Commonspace.eu interviewed Juliet Schofield Caucasus and Central Asia Programme Manager at International Alert about the work of peace activists in the South Caucasus and the role of civil society in the process of peace building in the region.
What challenges do peace activists working on the Nagorno-Karabakh conflict face ?
There are many challenges, and a lot depends on what you mean by peace activism. For example, working with media poses different challenges to working with young women or political analysts. If pressed, I would say the main challenge is time.
The longer the societies remain divided, isolated from and in confrontation with each other, the deeper and more entrenched their respective positions and deeply held beliefs become. With each escalation on the front line, it gets harder to talk of 'peace' as emotions are high, and people feel under threat.
All this raises the barrier for potential new peace activists to make that first step towards the other side, especially when the overwhelming weight of public opinion discourages contact with 'the enemy'.
It is also fair to say that the younger generation now growing up, who have not known any other situation in their lifetime , have completely different incentives and motivations to their elders, the 'veteran' peace activists who still remember the pre-war situation and a time of co-existence.
How can people in the region help bring about peace?
It may seem to many impossible that an 'ordinary person' could influence the political peace process, but on the other hand, we know peace deals agreed in complete isolation from public opinion run the risk of failure.
It is therefore essential to broaden the idea of a peace process beyond what happens at the negotiating table, and include all layers of society in informed discussions and debates so their voice is heard and their opinion taken into account, and so people feel part of the solution.
How can people outside the region help bring about peace?
External actors can offer a safe space and a neutral platform where different conflicting sides can meet to exchange information and analysis, and discuss ways to promote peace. At the very least, they can reduce the level of tension back in their own societies.
It is important that external actors do not impose their own ideas on the conflicting sides, and that they remain absolutely impartial and not get drawn into the narratives of one side or another.
At the same time, third parties can, in theory, take a step back and provide a more objective analysis, and bring in an international perspective, including lessons of what has and has not worked in other conflict contexts.
Ultimately, however, it is down to the people from the conflicting sides themselves - and not only the politicians - to be the driving force behind peace.
What role do NGOs play?
NGOs are just organised groups of like-minded citizens who come together to pursue a shared vision of social change, hopefully for the better, and without a particular political agenda. Non-profit and non-governmental, ranging from small community based organisations to large international ones, NGOs can play a myriad of roles - informational, educational, analytical, developmental, or even providing essential services.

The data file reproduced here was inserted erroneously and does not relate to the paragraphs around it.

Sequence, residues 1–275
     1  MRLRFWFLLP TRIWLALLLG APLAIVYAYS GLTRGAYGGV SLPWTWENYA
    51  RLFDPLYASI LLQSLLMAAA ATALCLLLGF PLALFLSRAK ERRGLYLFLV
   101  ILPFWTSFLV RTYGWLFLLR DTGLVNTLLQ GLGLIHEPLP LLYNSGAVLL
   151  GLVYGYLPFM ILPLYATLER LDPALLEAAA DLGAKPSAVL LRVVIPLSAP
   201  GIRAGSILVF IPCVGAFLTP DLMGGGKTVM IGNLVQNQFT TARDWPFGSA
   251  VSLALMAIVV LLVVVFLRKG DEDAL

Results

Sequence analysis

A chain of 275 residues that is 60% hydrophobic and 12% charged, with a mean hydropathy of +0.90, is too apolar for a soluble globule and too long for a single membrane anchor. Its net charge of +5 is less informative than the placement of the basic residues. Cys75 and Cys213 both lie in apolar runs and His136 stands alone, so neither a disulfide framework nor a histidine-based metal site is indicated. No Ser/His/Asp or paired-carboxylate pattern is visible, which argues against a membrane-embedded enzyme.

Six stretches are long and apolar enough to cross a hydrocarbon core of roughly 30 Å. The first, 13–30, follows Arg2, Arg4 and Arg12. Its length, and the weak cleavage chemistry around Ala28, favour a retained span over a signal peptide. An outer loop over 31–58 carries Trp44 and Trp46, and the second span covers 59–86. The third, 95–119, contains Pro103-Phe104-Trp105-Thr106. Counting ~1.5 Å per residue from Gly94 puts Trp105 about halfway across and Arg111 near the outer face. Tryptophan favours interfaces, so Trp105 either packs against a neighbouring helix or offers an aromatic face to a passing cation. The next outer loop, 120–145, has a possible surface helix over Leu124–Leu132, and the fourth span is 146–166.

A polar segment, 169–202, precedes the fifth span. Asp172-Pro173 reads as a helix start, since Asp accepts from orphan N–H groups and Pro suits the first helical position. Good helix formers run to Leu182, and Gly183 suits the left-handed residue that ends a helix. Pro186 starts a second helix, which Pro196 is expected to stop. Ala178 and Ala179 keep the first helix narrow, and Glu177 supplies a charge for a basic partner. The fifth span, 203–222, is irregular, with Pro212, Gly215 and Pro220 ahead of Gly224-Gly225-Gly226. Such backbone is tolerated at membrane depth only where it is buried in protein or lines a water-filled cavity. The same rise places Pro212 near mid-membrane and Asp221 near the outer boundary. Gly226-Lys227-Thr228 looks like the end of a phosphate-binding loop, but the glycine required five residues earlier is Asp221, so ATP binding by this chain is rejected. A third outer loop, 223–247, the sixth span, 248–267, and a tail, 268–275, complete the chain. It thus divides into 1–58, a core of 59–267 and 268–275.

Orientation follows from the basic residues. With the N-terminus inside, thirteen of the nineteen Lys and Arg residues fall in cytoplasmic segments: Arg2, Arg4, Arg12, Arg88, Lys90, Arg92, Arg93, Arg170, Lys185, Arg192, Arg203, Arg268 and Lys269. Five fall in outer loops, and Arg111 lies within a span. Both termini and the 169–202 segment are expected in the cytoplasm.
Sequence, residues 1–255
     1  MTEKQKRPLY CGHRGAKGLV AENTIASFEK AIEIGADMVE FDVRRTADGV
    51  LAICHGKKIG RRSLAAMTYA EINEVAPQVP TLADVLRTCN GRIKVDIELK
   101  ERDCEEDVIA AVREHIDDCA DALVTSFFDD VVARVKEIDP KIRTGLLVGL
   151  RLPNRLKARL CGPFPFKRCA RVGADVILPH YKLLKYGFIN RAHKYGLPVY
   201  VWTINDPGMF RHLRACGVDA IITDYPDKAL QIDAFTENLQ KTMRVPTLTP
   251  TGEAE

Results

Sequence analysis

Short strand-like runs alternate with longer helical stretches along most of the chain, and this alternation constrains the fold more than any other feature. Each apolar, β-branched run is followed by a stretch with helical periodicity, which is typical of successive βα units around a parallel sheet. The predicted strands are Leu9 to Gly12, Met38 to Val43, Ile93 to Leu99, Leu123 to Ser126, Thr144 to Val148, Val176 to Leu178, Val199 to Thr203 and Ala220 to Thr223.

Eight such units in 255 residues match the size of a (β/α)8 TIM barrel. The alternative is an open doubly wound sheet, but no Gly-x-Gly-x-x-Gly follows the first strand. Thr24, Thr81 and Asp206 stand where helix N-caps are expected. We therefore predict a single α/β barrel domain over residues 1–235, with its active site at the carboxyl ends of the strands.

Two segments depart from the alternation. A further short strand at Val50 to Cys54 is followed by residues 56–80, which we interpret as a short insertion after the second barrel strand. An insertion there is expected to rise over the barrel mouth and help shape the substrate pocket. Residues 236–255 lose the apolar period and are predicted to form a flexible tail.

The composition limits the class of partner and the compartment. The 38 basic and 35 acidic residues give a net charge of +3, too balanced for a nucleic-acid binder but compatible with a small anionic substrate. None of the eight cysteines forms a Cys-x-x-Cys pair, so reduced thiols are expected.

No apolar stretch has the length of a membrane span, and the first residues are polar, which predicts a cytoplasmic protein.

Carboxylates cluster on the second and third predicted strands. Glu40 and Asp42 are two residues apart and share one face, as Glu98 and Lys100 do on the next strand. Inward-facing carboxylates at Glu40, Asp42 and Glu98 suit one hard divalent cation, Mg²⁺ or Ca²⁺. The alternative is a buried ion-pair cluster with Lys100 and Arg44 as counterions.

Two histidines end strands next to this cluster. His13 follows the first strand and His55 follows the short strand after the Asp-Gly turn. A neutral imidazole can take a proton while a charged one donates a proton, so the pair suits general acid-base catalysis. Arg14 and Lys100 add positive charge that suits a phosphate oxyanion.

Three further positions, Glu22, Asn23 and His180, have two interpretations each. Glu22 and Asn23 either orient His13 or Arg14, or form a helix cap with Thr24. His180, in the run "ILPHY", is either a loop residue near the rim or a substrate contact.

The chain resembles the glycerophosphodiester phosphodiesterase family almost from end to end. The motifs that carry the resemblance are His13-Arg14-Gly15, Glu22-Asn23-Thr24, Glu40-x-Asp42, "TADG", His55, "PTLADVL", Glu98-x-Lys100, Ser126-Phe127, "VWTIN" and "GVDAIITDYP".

If properly rooted in local societies, they can become an extremely useful communication channel between communities and authorities, and often work in partnership not opposition to government.
Different NGOs have different approaches, but a peacebuilding approach is a collaborative one that engages in dialogue to promote better understanding , and to find mutually acceptable solutions to problems as they arise.
What is EPNK?
EPNK stands for The European Partnership for the Peaceful Settlement of the Conflict over Nagorno-Karabakh. It is a civil society programme funded by the European Union, aiming to support peacebuilding efforts concerning the conflict over Nagorno-Karabakh. It is a partnership of five European NGOs (International Alert, Conciliation Resources, Crisis Management Initiative, Kvinna till Kvinna and LINKS).
EPNK has been working together since 2010 with Armenians and Azeris from diverse backgrounds, including young people, women, displaced people, policymakers, analysts, civil society activists and journalists, to improve the longer term prospects for peace.
Within the partnership there have been a wide variety of initiatives promoting dialogue and confidence between sides, engaging in research and analysis which is oriented towards challenging existing discourses, and engaging civil society, including media, in public debate, and active participation in attempts to peacefully transform of the conflict.
Are you optimistic about the prospect of peace in the Nagorno-Karabakh context?
Cautious optimism is an essential quality for a peacebuilder! Without vision or conviction it would be hard indeed, and without caution, foolhardy. Even if a political settlement could be reached tomorrow, it would still take a lot of painstaking work, possibly generations, to implement any deal and build a 'positive peace'.
Peace needs constant work, even in societies that have not recently experienced the same levels of violent conflict as in the Caucasus. Personally, I put my confidence in the capacities of the Armenian and Azerbaijani peoples to reject war, especially those that already lived through it.
Those who agitate for war tend to be further away from the firing line. When you talk to ordinary people, it is clear that ultimately most want the same thing: to be able to live without fear of violence and to be able to live in dignity and fulfil their own potential.
Juliet Schofield is Caucasus and Central Asia Programme Manager at International Alert. She has worked in development and peacebuilding in the former Soviet Union since 1993.
photo: Juliet Schofield
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